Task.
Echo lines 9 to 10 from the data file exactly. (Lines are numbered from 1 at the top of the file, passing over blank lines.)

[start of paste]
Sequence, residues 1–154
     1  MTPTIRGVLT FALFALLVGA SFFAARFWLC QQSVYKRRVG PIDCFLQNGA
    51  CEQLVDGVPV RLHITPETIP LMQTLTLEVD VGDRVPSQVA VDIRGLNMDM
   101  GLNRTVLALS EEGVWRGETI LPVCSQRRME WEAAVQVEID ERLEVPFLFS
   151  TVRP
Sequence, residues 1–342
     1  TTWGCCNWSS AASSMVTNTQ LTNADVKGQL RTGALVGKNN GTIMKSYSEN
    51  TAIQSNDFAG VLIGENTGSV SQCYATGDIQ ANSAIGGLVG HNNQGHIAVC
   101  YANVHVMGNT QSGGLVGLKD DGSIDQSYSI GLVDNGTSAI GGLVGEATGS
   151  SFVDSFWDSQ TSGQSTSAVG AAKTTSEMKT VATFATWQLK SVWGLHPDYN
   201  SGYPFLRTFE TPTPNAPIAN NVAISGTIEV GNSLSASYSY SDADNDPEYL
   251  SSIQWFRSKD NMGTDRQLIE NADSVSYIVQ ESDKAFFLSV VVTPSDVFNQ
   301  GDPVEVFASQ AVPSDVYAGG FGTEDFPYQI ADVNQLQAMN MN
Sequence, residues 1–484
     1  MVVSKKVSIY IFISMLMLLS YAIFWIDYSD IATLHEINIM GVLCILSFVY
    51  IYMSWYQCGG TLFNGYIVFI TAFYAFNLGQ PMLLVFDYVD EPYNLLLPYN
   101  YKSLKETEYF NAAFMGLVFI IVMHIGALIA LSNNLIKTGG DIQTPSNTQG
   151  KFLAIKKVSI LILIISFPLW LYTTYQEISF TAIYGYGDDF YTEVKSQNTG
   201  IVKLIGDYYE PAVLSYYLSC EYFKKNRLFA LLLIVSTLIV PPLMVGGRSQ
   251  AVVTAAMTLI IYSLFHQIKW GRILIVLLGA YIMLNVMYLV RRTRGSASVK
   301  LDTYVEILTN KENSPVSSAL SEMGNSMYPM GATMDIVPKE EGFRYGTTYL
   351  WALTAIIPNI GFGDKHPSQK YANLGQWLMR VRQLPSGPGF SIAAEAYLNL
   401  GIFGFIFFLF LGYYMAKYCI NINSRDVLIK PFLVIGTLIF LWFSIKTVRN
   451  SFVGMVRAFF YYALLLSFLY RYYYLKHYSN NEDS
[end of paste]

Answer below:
   101  YANVHVMGNT QSGGLVGLKD DGSIDQSYSI GLVDNGTSAI GGLVGEATGS
   151  SFVDSFWDSQ TSGQSTSAVG AAKTTSEMKT VATFATWQLK SVWGLHPDYN